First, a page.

The conservative movement is a far piece from where it was in 2008. I recall when Sarah Palin was named “Conservative of the Year” by Human Events Magazine in ’08, and Ann Coulter wrote the article about it.
In 2010, there was an election in which Palin and the Tea Party were very influential forces, and a number of conservatives won seats in the Congress.
But in 2011, things changed. Coulter was no longer praising Palin, as she had done in 2008. Instead, she was smearing her on Laura Ingraham’s radio program, with Ingraham piling on the attack against the GOP’s most recent vice presidential candidate and the first woman to have that distinction.
Now in 2012, we have the spectacle of Rush Limbaugh shilling for Mitt Romney and attacking Newt Gingrich and Rick Perry. Former editorial sources of conservative comfort, including National Review and the Washington Examiner, have endorsed Romney and are attacking Gingrich and Perry. But mostly they rail against Gingrich because he’s one within striking distance of Romney.
It’s like the familiar “alternate universe” science fiction plot in which the protagonist wakes up one day and finds himself in a world which looks exactly like the one he’s known all his life, but people familiar to him are behaving in quite unfamiliar ways. They seem like pod people whose bodies have been inhabited by some alien consciousness. It’s as if the world he knew had suddenly gone mad.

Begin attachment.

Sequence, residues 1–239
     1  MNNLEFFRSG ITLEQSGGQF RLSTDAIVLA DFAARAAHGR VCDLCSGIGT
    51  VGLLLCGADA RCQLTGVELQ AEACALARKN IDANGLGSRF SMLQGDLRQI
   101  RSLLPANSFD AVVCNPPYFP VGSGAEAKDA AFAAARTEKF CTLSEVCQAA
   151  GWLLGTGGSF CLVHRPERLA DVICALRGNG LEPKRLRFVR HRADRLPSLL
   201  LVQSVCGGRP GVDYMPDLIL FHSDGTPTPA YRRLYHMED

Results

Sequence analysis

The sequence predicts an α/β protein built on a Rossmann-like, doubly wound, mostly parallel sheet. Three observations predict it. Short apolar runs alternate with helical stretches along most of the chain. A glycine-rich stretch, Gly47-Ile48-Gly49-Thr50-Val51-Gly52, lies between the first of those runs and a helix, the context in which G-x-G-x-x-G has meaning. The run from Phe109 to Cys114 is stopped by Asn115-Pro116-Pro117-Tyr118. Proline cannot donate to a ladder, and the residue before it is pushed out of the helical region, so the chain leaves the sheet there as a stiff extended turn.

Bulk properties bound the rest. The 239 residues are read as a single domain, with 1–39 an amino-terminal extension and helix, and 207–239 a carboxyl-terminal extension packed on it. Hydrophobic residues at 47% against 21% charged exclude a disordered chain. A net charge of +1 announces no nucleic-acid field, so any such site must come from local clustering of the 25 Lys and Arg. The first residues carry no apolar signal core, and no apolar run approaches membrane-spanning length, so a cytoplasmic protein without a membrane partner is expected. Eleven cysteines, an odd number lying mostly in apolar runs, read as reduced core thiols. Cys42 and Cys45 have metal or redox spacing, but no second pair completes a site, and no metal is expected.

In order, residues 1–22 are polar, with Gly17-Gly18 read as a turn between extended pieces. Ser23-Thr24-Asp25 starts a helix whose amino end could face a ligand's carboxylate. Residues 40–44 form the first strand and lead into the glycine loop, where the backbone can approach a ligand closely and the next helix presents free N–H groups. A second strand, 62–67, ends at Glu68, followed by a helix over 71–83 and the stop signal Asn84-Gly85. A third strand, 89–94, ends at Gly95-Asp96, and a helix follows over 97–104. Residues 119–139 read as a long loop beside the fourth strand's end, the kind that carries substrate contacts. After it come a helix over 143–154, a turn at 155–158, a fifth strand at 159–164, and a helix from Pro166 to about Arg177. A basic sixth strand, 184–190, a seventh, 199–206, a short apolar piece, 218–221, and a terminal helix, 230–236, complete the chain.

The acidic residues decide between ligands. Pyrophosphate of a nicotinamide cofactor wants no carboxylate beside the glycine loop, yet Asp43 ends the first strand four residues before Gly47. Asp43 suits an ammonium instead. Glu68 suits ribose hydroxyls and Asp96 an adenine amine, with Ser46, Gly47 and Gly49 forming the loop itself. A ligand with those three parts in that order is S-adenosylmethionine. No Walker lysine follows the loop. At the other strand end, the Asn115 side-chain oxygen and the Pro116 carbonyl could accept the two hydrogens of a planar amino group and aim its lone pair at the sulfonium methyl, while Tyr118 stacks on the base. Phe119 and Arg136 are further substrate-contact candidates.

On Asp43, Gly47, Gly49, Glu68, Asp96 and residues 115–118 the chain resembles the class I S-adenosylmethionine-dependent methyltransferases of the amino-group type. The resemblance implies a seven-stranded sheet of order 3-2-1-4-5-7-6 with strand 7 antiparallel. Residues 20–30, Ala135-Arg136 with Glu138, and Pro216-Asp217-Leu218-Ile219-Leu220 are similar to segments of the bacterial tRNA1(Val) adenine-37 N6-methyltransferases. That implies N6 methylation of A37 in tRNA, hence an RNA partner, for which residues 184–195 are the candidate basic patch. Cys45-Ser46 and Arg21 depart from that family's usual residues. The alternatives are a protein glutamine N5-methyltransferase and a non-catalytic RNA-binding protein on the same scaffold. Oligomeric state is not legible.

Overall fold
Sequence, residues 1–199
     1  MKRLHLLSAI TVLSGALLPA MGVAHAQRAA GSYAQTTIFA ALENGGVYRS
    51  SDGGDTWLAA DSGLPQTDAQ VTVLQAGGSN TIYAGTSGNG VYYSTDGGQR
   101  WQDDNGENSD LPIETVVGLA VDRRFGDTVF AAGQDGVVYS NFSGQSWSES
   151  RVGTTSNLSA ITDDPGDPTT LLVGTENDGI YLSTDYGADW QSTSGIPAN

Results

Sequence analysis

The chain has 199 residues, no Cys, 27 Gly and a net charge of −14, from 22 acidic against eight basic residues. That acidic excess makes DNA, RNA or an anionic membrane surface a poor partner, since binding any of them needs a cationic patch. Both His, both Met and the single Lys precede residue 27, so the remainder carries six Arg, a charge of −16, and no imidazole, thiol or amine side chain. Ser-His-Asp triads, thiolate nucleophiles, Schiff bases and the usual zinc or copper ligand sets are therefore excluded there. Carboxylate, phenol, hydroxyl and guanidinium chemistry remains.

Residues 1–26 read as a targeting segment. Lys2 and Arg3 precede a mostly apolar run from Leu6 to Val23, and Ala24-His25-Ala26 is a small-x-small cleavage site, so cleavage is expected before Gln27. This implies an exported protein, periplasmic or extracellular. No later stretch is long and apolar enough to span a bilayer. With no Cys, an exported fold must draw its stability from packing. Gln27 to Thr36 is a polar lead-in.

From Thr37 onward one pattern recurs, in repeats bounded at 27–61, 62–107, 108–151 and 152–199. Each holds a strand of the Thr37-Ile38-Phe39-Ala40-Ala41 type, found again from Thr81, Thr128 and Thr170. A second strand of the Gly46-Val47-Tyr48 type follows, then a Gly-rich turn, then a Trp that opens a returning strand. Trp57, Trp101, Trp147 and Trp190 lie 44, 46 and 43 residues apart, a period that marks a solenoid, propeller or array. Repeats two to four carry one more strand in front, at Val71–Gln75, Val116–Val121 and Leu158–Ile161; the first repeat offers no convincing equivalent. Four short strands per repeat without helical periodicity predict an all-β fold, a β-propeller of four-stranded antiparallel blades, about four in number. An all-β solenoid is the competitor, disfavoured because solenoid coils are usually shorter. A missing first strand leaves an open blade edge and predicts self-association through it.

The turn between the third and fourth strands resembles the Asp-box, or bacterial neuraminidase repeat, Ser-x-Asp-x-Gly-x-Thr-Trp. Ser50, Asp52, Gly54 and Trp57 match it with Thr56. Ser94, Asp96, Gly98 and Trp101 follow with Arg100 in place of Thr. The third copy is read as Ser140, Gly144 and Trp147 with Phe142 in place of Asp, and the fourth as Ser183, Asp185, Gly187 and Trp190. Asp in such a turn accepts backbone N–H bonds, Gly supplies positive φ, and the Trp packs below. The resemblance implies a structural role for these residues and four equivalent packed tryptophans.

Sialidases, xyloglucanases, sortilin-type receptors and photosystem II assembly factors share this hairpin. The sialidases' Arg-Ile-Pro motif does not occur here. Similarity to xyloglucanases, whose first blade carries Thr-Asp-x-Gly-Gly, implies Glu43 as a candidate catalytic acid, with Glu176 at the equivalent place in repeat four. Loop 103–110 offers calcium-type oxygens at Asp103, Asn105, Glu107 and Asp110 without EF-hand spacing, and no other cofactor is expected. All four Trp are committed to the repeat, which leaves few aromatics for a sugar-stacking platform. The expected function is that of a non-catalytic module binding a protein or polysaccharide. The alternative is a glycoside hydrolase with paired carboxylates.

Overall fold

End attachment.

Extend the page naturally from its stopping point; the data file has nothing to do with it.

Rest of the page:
What happened to erstwhile conservatives in the year between the 2010 midterm elections and late last year? I’m at a loss to explain it and can only take my best guess. I think its because conservatives are so desperate to hold Barack Obama to a single presidential term that they are willing to define down their conservatism because they have been convinced that is the only way to send him packing. They have bought into the “electability” myth — hook, line and sinker.
Such desperation has led conservatives to ignore that tiny voice of skepticism that used to be ever present in their heads. No longer listening to their inner skeptic, they have sadly become gullible creatures. How else can one explain the internals of recent surveys which show some who self-identify as “very conservative” or “tea party members” tell the pollsters that they intend to vote for Romney? Say what you will about the former governor, he was never a movement conservative, and despite his attempts to reach out to the tea party movement, its members never accepted him as one of their own, as they did Sarah Palin, Michelle Bachmann and other populist-leaning conservatives.
South Caroline and its rapidly approaching GOP presidential primary may be the last stand for Ronald Reagan conservatism. If we define it down to some ConservativeLite® alternate-universe conservatism, the rock-solid principles the great man worked for, stood for and governed by will crumble into dust. If true conservatives cannot put aside their differences and unite behind the conservative candidate closest to Gov. Romney in the latest polls, they’ve lost the battle and perhaps the greater war. Morning in America will become our past instead of our hopeful present, and that city on a hill will have lost its shine. And our hero in the science fiction story will never get back to his real world, but will remain trapped in a story arc in which he discovers — to his horror — that he has become the alien.